After years of preparation, the Wi-Fi Alliance is planning to launch the WiGig™ CERTIFIED - 802.11ad certification program by the end of 2016. Like many new technologies at their debut, there are always some advocates and conservatives. For advocates, the WiGig certification will set the standard and drive the product development and market adoption; for conservatives, this will be just another standard and its future fate is still very skeptical. So, how should the WLAN industry take it? Let’s take a look.
What is WiGig?
WiGig, the new 802.11ad technology, operates on the unlicensed 60GHz spectrum and delivers theoretical data rates up to 7Gbps. Due to the nature of high-frequency spectrums, it provides ultra fast multi-gigabit data rates but at a limited range of about 30 feet (802.11n and 11ac are able to operate in the range of hundreds of feet and beyond). It can’t penetrate walls very well but the wave will be reflected back to WiGig capable devices. By leveraging beam forming, this allows devices within range to be connected and transmitting/receiving data at a blazing fast speed.
What are the foreseeable use cases?
Now we know how fast WiGig can go and its limited range. How can we use it commercially at home or in the enterprise environment? The initial thought of many advocates was to position WiGig for a niche market. At home, WiGig can be used to replace cables between devices, enabling the always-on device connection and file transferring at a blink of eyes; videos/movies are downloaded in a few seconds or minutes, rather than hours; in the workplace, the ultra fast data speed is perfect for video conferencing, screen mirroring and the cable-free docking station. Vendors like HP Inc., Dell and Lenovo have started making WiGig docking stations. However, beyond the cable-free and file sharing use cases, the wireless industry has been exploring opportunities to using WiGig as a complement for Wi-Fi connections.
How to use it with Wi-Fi?
With the availability of 802.11ac in the 5GHz band and the widening channels, free and clean spectrum is running out. The rapid growth of client device numbers is forcing the Wi-Fi industry to explore opportunities to gain more clean spectrums to support the rising device density. The 60GHz band is still a greenfield area and would be a very attractive option to provide more free spectrums for wireless devices and increase the system capacity.
Some may think the limited range of WiGig makes it less appealing or not usable for wireless access for mobile devices. However, in real-life deployment in high-density environments, access points are deployed often within 30 feet or less of any client to ensure the best connection. WiGig can certainly be a great wireless option for high-density environments.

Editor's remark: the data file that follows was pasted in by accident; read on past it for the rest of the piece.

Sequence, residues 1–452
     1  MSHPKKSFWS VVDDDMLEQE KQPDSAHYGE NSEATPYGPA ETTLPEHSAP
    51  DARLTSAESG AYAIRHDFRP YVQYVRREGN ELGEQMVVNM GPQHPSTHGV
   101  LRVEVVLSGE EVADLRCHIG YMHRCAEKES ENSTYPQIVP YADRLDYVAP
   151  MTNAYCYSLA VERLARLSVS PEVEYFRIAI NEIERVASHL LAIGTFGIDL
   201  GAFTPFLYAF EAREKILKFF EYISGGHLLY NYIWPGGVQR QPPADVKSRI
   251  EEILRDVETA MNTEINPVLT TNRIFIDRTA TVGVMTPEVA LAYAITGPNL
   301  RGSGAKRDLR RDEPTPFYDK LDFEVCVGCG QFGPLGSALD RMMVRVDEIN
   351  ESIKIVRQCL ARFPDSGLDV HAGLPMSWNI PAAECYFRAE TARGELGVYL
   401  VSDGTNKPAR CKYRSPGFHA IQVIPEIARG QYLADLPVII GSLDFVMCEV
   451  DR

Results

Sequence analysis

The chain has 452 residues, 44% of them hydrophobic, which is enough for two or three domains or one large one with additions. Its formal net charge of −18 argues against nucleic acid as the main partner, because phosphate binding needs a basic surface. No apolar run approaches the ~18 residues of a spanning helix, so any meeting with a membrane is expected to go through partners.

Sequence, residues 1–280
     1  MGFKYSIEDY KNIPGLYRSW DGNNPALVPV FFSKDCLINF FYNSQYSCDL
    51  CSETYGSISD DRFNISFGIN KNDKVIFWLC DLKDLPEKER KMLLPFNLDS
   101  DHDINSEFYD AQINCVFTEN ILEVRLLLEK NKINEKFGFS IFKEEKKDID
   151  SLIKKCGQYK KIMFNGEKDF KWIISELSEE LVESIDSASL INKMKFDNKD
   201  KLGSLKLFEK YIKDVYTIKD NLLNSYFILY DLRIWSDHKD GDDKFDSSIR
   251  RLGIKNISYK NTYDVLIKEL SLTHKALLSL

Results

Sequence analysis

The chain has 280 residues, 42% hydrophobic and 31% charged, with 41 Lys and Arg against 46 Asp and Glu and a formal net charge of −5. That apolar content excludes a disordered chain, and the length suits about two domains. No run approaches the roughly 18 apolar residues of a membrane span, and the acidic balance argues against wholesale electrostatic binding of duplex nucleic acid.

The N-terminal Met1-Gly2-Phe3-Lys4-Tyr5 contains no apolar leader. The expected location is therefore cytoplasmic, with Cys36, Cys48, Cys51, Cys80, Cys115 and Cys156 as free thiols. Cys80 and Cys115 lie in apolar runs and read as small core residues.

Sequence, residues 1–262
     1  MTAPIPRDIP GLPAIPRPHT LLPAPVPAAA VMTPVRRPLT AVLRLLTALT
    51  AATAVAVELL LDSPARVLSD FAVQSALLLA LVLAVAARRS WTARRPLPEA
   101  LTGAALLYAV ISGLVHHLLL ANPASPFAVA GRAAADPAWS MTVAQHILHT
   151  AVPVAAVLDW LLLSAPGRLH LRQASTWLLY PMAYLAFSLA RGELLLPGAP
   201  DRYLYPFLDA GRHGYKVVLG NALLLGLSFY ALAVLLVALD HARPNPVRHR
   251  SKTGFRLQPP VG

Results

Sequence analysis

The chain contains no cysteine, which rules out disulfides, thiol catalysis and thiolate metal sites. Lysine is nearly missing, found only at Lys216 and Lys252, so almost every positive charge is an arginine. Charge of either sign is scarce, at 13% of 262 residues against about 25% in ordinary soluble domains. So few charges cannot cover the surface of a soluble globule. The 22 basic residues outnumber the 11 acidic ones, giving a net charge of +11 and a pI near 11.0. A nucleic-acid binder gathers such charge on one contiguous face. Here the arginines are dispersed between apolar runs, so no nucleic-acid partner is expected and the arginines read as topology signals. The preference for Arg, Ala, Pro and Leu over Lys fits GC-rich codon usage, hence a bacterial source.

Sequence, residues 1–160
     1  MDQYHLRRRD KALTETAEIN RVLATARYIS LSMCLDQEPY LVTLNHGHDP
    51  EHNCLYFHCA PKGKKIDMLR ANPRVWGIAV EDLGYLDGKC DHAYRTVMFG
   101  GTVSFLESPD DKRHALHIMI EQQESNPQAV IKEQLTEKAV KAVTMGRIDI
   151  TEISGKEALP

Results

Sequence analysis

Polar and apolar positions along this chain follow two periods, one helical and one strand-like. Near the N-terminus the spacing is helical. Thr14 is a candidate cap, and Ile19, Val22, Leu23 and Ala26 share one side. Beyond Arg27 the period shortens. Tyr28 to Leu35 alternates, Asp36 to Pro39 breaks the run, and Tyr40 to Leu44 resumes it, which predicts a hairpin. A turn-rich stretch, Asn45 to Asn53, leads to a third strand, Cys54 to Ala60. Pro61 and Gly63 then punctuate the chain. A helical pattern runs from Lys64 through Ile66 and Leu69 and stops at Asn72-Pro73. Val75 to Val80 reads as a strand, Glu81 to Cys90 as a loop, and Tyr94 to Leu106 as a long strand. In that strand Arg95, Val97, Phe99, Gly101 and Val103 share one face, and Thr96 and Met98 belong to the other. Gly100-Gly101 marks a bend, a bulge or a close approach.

Another concern for Wi-Fi vendors is the client device availability. Like 802.11ac Wave 2, when Wave 2 technology was first introduced to the market, we still only saw a few Wave 2 capable devices that are able to take advantage of the MU-MIMO. However, with the commitment of the chipset and Wi-Fi vendors, we have started to see the Wave 2 device market getting more and more mature. In the WiGig space, device vendors have begun to ship a small number of WiGig devices in 2016. We expect to see more WiGig devices, such as laptops and tablets, available by the end of 2016, followed by WiGig smartphones around 2018. Once the Wi-Fi Alliance introduces the certification program, it surely will drive the WiGig adoption in greater numbers.
The tri-radio Wi-Fi
The Wave 2 adoption path also applies to the WiGig technology; with Wi-Fi Alliance's WiGig certification and chip vendors’ commitment to the development of tri-radio (2.4/5/60 GHz) chipsets, industry pioneers are driving the market to an ultra high-speed multi-gigabit tri-radio wireless with support for both Wi-Fi and WiGig technologies. With three radios integrated into one access point, the client can connect to any of the radios for the best user experience. For example, the client can connect to WiGig in a room for super fast connection. Once the client moves away from the room or when an object (e.g. a person, wall) is between the AP and the client, the connection will be automatically and quickly switched to 802.11ac or 802.11n to keep the consistent data transmission (See Figure 1). Interference between radios can be minimized with well designed 802.11ad antenna arrays, especially when the usage is for discrete high-throughput cells rather than ubiquitous coverage.
Figure 1: The move of the client and the radio connection in the WiGig environment
With several models of multi-gigabit access aggregation switches available today including the Aruba 5400R and 3810 that incorporate HPE Smart Rate ports, customers can prepare their wired networks today to be ready for today’s 802.11ac multi GigE APs (Aruba 330 Series) and for the future when APs are available with WiGig support that will drive the need for aggregation speeds from 2.5GigE to 5GigE while leveraging existing Cat 5e/Cat 6 cabling.
WiGig is on its way to join the Wi-Fi family to power the mobile-first environments of tomorrow. While the use cases of WiGig are yet to be extended and proven, vendors in the wireless ecosystem are getting ready to surf on the new wave of 802.11ad technology. The blazing fast Wi-Fi is only a few steps away.
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